Wolf Alice’s Ellie Rowsell raising the bar for what alternative pop music can be, front woman Jess Allanic is right on her heels with this vocal. Where Rowsell is fuelled with angst, Allanic has a wryness to her approach but is no less impactful.

With the spirit of Sub Pop Records in their hearts, Calva Louise have ignited their quest for glory in style!

Model Society – Public Service

Model Society first emerged in 2011. Passion and promise were apparent and, like many before and since, their influences were on their sleeve but their own clarity was yet to be defined. They had Blur's wry social comment, Oasis' sense of ambition and Buzzcocks punk via pop delivery.

On the comeback single, premiered by the legendary John Kennedy on Radio X, Model Society have merged their heroes. Lyrically, Damon Albarn's observations have aligned Noel Gallagher's melody and retained the bite of Pete Shelly. For the most part, the sweeping rock n roll production intrinsic to Noel's career combines with a punk sentiment but, during the solo, the more expansive elements of punk (Television & Spear of Destiny) shine brightest.

This is not a single normally associated with a band yet to release their debut album. This is three albums in stuff. It's a huge cinematic piece which serves both as a clarion call and blissful liberation simultaneously.

Breed: Chinnerys, Southend

Dear aspiring bands, in-between gigs, do as Clacton's Breed do, get better! Back in April, Breed played London's Water Rats and oozed potential. Last night in Southend, it all came together.

They're playing has sky rocketed and, as a result taken them ot a menacing new level. The whiff of sex and violence looms large in every song and, in frontman Jake and guitarist Max star power is emerging. The pair have that Richey Edwards '4 Real' factor about them. Dangerous and brutal, they brew a frothing disorder as their stomping rock n roll pounds away.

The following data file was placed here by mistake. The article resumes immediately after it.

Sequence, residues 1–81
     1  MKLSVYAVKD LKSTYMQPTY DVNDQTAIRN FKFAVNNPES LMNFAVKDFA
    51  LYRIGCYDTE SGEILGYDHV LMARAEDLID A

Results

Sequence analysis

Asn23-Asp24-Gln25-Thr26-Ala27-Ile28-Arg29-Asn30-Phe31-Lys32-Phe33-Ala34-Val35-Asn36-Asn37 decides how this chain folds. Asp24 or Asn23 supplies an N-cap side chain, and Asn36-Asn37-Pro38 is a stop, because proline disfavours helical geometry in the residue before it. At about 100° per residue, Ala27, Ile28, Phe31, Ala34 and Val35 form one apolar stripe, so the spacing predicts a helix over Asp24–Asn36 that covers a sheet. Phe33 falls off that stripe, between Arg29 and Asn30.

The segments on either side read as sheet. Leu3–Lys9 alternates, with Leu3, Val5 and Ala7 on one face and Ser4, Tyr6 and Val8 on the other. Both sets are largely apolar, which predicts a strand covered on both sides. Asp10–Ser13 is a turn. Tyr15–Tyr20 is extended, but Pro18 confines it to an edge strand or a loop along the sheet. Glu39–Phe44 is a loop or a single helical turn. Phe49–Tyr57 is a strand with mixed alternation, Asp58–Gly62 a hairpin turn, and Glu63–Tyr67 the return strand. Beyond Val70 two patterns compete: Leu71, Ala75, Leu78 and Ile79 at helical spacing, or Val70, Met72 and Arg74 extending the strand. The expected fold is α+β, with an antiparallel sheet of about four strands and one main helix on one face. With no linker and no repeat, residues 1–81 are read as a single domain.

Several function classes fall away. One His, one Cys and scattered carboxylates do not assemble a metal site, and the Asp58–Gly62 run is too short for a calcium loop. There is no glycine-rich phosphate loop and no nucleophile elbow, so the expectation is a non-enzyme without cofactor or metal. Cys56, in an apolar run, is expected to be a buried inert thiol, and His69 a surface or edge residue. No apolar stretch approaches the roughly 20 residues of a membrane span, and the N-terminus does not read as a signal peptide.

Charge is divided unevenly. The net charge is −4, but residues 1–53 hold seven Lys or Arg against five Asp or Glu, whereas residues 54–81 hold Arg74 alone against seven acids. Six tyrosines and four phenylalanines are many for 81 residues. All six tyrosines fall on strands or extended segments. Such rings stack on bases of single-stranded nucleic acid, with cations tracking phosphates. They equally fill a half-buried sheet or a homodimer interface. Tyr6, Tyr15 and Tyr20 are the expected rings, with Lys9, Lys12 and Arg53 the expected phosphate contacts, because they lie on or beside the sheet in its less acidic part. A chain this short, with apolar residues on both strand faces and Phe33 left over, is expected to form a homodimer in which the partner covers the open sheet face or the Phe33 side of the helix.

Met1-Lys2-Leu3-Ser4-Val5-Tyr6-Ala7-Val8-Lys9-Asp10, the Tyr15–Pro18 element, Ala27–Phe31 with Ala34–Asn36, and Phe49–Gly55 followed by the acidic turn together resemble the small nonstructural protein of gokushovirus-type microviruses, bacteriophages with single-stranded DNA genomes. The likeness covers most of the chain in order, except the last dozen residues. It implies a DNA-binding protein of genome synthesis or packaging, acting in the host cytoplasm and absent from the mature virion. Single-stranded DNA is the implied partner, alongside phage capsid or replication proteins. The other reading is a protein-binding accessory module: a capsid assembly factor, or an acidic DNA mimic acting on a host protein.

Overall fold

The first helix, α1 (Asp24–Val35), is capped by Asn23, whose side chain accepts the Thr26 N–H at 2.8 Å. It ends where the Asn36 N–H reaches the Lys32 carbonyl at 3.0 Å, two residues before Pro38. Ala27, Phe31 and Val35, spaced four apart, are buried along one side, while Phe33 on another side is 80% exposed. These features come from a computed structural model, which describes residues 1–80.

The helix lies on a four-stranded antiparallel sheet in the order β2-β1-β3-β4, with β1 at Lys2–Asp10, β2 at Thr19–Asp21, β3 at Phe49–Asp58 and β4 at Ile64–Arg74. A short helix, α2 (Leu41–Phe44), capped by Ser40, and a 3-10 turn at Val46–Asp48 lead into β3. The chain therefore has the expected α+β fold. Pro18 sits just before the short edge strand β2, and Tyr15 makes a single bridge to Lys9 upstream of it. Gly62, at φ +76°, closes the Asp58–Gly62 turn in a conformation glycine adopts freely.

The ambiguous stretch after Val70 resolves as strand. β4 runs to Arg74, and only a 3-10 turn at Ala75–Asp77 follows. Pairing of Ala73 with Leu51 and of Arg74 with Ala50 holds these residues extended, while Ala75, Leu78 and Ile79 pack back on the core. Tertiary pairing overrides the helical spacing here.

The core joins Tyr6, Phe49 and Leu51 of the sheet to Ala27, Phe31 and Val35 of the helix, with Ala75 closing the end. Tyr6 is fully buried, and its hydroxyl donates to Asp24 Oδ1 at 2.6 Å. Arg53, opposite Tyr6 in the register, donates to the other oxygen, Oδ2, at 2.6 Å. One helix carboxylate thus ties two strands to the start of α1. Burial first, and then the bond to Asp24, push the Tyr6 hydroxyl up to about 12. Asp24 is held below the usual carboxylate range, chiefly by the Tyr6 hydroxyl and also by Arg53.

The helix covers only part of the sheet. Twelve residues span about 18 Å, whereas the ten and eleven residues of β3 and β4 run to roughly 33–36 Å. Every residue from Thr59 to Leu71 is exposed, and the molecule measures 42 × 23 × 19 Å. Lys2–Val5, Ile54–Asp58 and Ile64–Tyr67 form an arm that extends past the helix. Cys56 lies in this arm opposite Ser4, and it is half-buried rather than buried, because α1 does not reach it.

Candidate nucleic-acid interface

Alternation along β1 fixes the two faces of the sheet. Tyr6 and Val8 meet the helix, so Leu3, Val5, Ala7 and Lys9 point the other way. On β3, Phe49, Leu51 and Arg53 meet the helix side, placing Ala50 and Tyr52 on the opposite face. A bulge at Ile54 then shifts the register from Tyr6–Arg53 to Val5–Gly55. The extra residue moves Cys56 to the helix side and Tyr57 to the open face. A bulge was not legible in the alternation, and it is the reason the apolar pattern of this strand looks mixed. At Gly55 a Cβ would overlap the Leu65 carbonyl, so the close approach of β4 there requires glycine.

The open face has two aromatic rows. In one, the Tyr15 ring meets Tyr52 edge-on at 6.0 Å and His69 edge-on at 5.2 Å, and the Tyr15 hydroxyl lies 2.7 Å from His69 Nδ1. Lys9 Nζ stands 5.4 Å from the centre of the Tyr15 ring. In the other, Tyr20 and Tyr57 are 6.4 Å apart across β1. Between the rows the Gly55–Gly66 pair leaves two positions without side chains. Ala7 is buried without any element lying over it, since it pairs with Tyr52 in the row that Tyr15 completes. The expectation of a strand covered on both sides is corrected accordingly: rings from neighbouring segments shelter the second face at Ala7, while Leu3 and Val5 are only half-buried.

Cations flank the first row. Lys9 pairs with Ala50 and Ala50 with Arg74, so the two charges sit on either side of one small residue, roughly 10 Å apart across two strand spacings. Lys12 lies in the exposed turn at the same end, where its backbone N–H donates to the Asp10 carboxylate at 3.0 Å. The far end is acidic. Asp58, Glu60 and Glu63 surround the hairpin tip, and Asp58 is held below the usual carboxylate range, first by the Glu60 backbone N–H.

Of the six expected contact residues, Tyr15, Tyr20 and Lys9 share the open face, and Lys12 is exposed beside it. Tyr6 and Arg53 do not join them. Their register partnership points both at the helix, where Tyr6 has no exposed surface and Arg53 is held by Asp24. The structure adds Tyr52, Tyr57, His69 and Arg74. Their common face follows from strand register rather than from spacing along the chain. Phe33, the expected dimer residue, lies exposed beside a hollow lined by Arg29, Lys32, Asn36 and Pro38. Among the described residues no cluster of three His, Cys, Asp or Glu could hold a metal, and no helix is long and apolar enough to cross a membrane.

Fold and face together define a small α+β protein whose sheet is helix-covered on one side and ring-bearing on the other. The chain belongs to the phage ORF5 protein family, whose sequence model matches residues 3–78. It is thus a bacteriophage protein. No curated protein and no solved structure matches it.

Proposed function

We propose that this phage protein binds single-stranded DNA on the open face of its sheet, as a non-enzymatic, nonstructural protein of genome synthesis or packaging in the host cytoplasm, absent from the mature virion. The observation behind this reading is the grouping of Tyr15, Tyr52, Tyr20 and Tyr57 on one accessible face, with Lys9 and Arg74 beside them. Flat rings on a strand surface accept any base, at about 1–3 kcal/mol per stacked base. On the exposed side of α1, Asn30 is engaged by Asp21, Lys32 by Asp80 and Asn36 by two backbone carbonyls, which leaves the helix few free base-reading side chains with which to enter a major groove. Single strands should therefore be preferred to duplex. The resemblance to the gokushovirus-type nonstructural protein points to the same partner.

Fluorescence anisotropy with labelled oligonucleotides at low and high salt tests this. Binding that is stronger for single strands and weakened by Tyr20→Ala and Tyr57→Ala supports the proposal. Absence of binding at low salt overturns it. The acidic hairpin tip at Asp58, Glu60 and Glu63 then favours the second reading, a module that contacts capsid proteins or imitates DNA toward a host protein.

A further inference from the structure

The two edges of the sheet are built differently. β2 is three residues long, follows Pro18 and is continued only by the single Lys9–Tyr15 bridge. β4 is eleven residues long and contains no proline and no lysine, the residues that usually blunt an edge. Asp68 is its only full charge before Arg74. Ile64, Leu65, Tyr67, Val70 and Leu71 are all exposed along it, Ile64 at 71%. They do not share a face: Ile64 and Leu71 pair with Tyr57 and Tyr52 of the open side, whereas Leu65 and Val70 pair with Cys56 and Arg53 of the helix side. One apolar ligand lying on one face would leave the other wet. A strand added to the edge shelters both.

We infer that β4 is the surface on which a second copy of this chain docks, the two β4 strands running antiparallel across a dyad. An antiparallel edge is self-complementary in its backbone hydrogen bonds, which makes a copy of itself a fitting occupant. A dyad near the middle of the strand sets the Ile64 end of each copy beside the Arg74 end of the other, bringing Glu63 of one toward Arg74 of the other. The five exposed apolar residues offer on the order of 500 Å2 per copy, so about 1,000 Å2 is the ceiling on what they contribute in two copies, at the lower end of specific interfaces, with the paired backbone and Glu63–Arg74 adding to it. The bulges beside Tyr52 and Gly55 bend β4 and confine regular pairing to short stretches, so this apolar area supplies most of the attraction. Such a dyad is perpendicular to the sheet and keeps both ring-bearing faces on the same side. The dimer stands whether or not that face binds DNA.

By the time of set closer 'Get With It', the Chinnerys faithful all know one thing, these small crowds wont be thing for long. Their blend of wayward psyche and brutal rock n roll is too powerful for other bands to share the stage with them.

M O S E S - Cause You Got Me

After an explosion of promise in 2016 and 2017, the London four piece underwent some testing times. So often, when a band loses this early momentum they fade away. So, when the London four piece announced their new single ‘Cause You Got Me’, TT was anxious, would come back fighting?

From the first guitar lick, we don’t know why we worried. The opening use of a solitary guitar riff rattles and frays, building a tension that is due to cause an imminent explosion. Merging the intensity of Savages and the psyche of Bo Ningen, the band have found a formula to light up the live circuit once more.

Walking the line of intense realism and joyous escapism is arguably the toughest to walk. However, it feels like the rightful home for this band, long may they reign!

Pre-order the single here:

Sisteray -Algorithm Prison

The first time we saw Sisteray live, they had punk songs and they had rock n roll songs. They were good but, it felt a marrying of the two would lead to great things. This is what new single ‘Algorithm Prison’ does.

Lyrically, it snarls at the apathy that technology obsession breeds, especially in their home city of London where life is 24 hours if only you join in. Toss in Niall Rowan’s righteous Charlie Harper and Nicky Tesco vocals and you’re into banger territory.